Sweet wishes Rhonda

Melvin Porter (author) from New Jersey, USA on April 05, 2011:

mortgage-news, thanks for the comment. I have to sit down one day and watch this movie in its entirety. I only saw bits and pieces of the movie.

mortgage-news from Los Angeles, CA on April 05, 2011:

A league of Their own was a great movie! Nice job providing more background about that era.

Melvin Porter (author) from New Jersey, USA on April 01, 2011:

Ketou, when the United States went to war during World War II just about all able-bodied man including the professional baseball players were drafted to fight the war. Some men volunteer their services.

ketou on April 01, 2011:

:).. never knew baseball was once ruled by girls. Interesting.

Melvin Porter (author) from New Jersey, USA on April 01, 2011:

Dhart, thanks for the comment. I am planning to write a hub on the Women Negro Baseball League in the near future.

Melvin Porter (author) from New Jersey, USA on April 01, 2011:

Scooby, thanks for the comment and for stopping by to read my hub. I am glad you enjoyed reading it.

Dhart from Culver City, CA on April 01, 2011:

Great hub! The only bad thing about those women's leagues is that they never integrated, even after Jackie Robinson & Co. broke the color line in MLB - I think that was a factor in those women's leagues folding.

Mamie, Peanut, and Toni should've been integrated into that women's league!

Scooby on April 01, 2011:

Enjoyable, well-formed article. I'm a history buff and I'd never seen this covered before. Thank you. :)

Melvin Porter (author) from New Jersey, USA on April 01, 2011:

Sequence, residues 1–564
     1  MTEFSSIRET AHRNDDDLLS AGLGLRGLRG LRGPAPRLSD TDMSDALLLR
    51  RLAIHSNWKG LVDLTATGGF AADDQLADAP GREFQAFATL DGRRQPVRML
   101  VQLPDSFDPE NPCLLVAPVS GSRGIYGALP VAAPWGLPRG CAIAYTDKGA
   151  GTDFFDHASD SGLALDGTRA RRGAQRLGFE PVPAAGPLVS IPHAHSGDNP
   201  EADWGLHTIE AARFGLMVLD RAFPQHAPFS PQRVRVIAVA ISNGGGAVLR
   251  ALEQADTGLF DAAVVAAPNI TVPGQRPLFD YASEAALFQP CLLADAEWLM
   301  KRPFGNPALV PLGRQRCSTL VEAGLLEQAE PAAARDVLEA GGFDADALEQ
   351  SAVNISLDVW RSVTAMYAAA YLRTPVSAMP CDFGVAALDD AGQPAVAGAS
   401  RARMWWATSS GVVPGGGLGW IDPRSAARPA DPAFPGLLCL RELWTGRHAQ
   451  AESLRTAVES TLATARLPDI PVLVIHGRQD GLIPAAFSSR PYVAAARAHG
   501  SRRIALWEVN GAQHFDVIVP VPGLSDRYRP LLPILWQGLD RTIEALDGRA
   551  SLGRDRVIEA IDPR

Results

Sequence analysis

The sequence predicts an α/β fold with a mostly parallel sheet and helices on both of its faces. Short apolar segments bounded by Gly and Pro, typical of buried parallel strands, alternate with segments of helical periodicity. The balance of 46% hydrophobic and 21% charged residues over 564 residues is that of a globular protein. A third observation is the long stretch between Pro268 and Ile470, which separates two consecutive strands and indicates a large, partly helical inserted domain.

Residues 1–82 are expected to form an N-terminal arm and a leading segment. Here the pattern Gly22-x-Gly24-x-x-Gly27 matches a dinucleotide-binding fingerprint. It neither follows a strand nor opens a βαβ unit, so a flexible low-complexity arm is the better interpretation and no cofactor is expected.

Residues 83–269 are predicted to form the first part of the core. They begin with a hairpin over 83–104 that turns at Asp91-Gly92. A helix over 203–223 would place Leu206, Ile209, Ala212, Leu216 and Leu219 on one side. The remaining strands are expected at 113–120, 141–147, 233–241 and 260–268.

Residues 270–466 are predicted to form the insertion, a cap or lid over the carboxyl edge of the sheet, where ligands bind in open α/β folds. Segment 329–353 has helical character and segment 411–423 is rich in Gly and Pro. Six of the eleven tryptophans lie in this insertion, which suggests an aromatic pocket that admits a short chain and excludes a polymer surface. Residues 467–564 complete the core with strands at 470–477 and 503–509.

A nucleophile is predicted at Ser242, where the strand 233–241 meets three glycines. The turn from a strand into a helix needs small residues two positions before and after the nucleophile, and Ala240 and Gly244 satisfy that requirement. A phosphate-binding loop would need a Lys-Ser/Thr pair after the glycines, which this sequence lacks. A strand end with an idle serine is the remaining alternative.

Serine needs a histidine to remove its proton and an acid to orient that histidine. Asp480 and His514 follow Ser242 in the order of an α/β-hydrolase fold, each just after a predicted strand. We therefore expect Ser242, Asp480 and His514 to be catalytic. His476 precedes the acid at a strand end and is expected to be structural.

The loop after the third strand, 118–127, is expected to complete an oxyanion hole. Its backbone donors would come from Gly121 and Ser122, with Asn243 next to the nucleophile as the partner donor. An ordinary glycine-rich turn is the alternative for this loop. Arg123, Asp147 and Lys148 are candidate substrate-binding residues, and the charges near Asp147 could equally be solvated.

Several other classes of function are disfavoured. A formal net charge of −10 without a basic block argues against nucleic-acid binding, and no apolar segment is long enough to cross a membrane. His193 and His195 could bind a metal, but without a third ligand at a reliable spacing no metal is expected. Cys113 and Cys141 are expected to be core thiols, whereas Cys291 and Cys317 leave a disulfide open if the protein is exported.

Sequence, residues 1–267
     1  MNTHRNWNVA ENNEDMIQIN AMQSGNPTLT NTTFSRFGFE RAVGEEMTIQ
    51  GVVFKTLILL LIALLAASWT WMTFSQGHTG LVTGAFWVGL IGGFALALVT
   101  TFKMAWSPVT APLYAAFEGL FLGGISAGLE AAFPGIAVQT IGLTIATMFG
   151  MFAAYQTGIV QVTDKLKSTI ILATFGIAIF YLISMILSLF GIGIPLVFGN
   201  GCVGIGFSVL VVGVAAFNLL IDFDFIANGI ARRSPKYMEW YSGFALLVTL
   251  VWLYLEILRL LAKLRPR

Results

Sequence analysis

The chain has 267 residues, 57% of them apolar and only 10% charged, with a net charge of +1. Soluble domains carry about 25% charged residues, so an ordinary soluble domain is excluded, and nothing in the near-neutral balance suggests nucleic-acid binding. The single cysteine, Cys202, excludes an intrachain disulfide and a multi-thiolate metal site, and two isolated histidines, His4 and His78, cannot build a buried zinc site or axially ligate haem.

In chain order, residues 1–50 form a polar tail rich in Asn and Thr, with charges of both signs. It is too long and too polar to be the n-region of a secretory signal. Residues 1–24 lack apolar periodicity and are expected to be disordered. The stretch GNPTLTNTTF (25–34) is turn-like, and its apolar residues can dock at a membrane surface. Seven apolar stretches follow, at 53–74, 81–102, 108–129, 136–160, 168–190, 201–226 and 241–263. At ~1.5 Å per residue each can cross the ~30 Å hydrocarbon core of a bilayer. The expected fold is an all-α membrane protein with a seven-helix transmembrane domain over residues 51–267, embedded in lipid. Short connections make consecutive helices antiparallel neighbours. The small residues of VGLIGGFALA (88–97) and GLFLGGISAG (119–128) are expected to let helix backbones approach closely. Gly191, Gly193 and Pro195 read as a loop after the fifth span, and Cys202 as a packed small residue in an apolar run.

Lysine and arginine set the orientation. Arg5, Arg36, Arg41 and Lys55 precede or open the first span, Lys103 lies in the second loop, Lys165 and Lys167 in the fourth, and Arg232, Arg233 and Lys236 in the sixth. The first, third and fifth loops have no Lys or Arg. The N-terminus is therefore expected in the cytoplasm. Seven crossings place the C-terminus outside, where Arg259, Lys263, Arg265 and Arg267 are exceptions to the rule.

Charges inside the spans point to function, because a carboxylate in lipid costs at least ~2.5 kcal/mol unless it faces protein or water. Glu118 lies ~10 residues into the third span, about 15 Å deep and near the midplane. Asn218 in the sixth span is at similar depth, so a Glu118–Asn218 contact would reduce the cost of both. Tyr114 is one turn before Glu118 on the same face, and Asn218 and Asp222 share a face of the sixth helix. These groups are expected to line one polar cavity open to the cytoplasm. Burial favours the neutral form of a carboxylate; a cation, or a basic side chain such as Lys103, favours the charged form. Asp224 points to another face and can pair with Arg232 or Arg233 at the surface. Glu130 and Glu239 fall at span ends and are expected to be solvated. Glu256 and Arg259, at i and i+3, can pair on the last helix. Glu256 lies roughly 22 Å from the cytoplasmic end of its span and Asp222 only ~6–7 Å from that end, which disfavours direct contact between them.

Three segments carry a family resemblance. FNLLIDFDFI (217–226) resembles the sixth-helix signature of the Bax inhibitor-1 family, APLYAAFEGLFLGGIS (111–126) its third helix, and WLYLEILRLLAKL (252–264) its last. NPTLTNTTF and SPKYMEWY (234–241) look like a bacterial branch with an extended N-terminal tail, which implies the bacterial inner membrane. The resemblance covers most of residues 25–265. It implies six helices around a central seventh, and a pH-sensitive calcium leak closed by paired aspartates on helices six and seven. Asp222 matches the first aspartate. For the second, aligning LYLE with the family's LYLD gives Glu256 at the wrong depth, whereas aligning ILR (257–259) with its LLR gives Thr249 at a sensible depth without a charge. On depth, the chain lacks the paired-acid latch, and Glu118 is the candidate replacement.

TurtleDog and Eiddwen, thanks for your comments and for stopping by to read my hub.

Eiddwen from Wales on April 01, 2011:

Brilliant hub and thanks for sharing.

I now look forward to reading more of your work.

Take care


TurtleDog on March 31, 2011:

Really great hub. Enjoyed reading it and, thanks to your article, really looking forward to some Major League Baseball starting this week.... Thanks for the post

Melvin Porter (author) from New Jersey, USA on March 31, 2011:

Justom, I am planning to write a future hub on women who played in the Negro League and thanks for the comment.

justom from 41042 on March 31, 2011:

This is a nicely done hub, Dottie Kamenshek is from my town. Since this was about girls and baseball I was surprised to see the three women that played in the Negro Leagues (against men). Mamie "Peanut" Johnson, Connie Morgan and Toni Stone were not mentioned. Those three were most impressive to me. Peace!! Tom

Melvin Porter (author) from New Jersey, USA on March 31, 2011:

Jay, thanks for your comment and for reading my hub.

Jay on March 31, 2011:

Thank you for your excellent and timely article. I just put a similar piece in our newsletter at work. March is National Women's History Month.